Even Nebraska, one of the most restrictive states as regards marijuana, is making a move to allow medical cannabis.  The Judiciary Committee has approved a bill that now moves to the full legislature.  Fun fact: Nebraska has the country’s only unicameral legislature, so one vote will suffice to pass this bill.

From Missouri, we have both banking and medical marijuana news.  Triad Bank will offer services to cannabusinesses.  And the state’s comment period for medical marijuana rules closed this week.  Final rules are scheduled for early June.

In New Jersey, full legalization stalled earlier this year, and the governor promised to expand medical marijuana by May.  And Gov. Murphy kept that promise.  Meanwhile, the legislature has now abandoned its legalization efforts, so adult-use will have to wait until a 2020 referendum.

Maryland has legalized medical marijuana edibles and the District of Columbia is attempting to legalize a market for its already legal marijuana.

In North Dakota, the governor has signed a bill that lessens the penalties for cannabis possession.  Note: it’s important not to mix up your Dakotas – you’ll recall that South Dakota recently declined to legalize hemp.

See you next week!

 

While it has been a challenge for employers to keep up with the explosion of medical and recreational marijuana laws spreading across the nation, employers have taken some comfort in that most of these states still grant employers the right to maintain a drug-free workplace and take action against those who test positive for marijuana, including rejecting job applicants testing positive for drugs. Yet, the tide seems to be shifting, with more courts granting pot smokers certain rights and finding that employers are required to comply with federal and state disability laws when confronted with medical marijuana users. Now it seems some jurisdictions are stepping in and granting certain employment protections to off-duty marijuana users. Continue Reading New York City Bans Pre-Employment Marijuana Tests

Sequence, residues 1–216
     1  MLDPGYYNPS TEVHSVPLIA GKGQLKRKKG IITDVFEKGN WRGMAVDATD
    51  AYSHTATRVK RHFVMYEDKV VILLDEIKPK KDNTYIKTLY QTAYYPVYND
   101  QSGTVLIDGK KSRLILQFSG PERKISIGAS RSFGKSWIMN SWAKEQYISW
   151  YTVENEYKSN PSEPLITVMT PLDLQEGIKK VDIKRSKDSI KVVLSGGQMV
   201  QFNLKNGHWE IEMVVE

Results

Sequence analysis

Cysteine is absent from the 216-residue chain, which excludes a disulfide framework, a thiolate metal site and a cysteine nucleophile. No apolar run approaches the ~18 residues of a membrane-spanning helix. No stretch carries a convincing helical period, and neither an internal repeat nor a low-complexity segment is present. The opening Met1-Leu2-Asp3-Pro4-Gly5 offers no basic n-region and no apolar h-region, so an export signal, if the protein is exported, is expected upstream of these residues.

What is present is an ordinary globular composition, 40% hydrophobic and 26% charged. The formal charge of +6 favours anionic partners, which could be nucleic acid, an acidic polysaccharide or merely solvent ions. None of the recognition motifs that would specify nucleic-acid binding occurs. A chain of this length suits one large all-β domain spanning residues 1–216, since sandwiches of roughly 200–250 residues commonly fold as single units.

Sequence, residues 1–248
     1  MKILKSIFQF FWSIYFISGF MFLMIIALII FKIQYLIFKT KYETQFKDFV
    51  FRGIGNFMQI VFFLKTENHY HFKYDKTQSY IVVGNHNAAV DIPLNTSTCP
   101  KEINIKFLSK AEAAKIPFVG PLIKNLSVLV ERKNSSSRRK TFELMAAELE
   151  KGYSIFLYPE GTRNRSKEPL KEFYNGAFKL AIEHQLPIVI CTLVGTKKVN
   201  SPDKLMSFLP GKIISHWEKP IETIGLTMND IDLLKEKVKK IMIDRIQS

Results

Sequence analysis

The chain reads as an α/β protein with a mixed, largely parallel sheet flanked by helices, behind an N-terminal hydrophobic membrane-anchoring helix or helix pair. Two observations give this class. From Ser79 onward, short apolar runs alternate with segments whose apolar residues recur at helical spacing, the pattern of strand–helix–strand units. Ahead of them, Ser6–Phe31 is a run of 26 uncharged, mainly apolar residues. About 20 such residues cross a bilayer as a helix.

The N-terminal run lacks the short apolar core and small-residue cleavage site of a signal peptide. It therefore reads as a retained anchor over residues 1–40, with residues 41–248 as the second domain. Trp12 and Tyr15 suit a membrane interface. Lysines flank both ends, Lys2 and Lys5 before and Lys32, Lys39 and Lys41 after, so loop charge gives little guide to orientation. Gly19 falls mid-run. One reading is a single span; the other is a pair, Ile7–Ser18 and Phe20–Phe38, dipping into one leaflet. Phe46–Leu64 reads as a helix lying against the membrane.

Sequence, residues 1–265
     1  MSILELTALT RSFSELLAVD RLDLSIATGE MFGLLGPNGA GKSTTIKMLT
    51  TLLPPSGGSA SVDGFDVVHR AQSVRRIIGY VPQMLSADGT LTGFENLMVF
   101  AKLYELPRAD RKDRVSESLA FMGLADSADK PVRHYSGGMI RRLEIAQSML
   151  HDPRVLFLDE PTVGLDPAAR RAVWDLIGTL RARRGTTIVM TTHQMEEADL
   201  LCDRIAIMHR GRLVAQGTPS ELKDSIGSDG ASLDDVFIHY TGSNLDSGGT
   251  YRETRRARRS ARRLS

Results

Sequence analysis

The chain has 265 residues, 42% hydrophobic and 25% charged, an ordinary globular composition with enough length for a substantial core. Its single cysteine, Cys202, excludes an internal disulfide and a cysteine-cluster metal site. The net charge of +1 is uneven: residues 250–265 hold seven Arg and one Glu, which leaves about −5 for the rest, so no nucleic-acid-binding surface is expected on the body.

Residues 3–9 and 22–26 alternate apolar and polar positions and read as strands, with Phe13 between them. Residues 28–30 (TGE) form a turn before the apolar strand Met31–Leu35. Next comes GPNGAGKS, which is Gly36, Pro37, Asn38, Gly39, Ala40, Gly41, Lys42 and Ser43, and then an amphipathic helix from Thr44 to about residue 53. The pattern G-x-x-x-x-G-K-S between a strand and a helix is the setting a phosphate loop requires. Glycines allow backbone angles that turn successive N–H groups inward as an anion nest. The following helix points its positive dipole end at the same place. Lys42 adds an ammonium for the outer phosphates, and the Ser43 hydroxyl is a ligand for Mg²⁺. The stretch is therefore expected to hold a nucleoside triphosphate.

Welcome back to The Week in Weed, your Friday look at what’s happening in the world of legalized marijuana.

Starting our coverage on the federal level, the Department of Veterans Affairs is opposing three bills that would facilitate veteran access to medical marijuana in states where it is legal.  We last wrote about the “Veterans Cannabis Use for Safe Healing Act” in Week in Weed here.  Also, 30 members of Congress have asked for more federal research into medical marijuana.

In the banking realm, 33 state attorneys general (along with AGs from four territories and the District of Columbia) have signed on to a letter to Congressional leaders in favor of cannabis banking reform.  Eight of the signatories are Republican.

Our look at state activity begins in Illinois this week, as Governor Pritzker has proposed a marijuana legalization plan.  The plan would include retail sales, expungement of previous convictions and place an emphasis on social equity.

Meanwhile, a legalization bill has passed the Connecticut House Finance Committee.  It is now headed to the full House floor.

Staying on the East Coast, Vermont and the District of Columbia have legal recreational marijuana, but neither jurisdiction permits the sale of the drug.  Both of them are trying to change that.  In the District, Mayor Muriel Bowser (who joins the “Politicians Now In Favor of Legalized Marijuana” Club) has proposed a cannabis sales program.  Note that the Mayor is not seeking to market to tourists.  In Vermont, the State Senate passed a bill setting up a marketplace a while ago, it’s now passed the House Government Operations Committee.  It’s got to go through another committee and then the full House, before heading to the Governor’s office.  Note that the Governor is not enthusiastic about this idea, so it may come to nothing.

In Texas, another piece of legislation to increase the number of conditions that qualify for medical marijuana has been passed by the state House and is on the way to the state Senate.

One question that comes up often in the cannabis sphere is how helpful marijuana could be in alleviating the opioid crisis.  Two states have taken opposite views.  In Rhode Island, the Health Department has declined to add opioid dependency to the list of conditions that qualify for medical marijuana.  On the other hand, in Colorado, legislators have recently approved a bill that would allow physicians to recommend medical marijuana as an alternative to opioids.

And finally, if you’ve ever thought that the only thing better than an Oreo cookie would be a CBD-infused Oreo cookie, you may be in luck.

See you next week!

Marijuana is estimated to be a $10 billion industry and rapidly growing. Almost all of it is conducted in cash. Although legal in thirty three states plus Washington, D.C., Puerto Rico and Guam, marijuana remains illegal at the federal level. Accordingly, financial institutions that handle proceeds from a transaction involving the distribution, manufacture or sale of marijuana would be handling illegal proceeds in violation of both federal money laundering statutes and banking regulations that prohibit such institutions from participating in any transaction or engaging in any relationship involving illegal proceeds. Continue Reading Will Banks be Able to Play it SAFE with Marijuana Related Businesses?